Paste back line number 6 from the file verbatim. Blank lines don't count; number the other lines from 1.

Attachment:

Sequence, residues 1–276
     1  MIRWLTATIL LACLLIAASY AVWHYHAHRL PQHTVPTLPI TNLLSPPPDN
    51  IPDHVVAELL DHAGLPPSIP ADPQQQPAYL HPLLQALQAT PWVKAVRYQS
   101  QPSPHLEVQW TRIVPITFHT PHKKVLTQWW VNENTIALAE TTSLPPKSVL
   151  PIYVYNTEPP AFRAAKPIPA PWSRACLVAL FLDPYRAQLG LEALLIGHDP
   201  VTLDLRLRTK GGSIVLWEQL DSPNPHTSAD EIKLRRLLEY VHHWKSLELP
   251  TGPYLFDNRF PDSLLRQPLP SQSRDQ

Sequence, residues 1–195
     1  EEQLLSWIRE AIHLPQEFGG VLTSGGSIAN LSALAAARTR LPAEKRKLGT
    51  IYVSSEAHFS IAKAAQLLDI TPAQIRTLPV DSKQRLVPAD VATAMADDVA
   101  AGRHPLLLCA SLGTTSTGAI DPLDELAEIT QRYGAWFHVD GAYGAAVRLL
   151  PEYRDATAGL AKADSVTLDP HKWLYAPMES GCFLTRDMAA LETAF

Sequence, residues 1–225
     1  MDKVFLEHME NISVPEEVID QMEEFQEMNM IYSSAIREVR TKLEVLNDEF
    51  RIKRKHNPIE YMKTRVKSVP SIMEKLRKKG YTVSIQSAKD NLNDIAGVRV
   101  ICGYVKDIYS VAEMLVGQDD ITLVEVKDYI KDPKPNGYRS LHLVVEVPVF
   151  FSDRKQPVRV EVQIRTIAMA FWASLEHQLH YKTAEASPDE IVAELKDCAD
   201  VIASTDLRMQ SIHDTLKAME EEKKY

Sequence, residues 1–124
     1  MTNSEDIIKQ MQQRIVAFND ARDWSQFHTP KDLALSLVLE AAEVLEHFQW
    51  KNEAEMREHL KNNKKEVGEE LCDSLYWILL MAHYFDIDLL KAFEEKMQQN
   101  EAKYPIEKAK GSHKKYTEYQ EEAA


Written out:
   201  VTLDLRLRTK GGSIVLWEQL DSPNPHTSAD EIKLRRLLEY VHHWKSLELP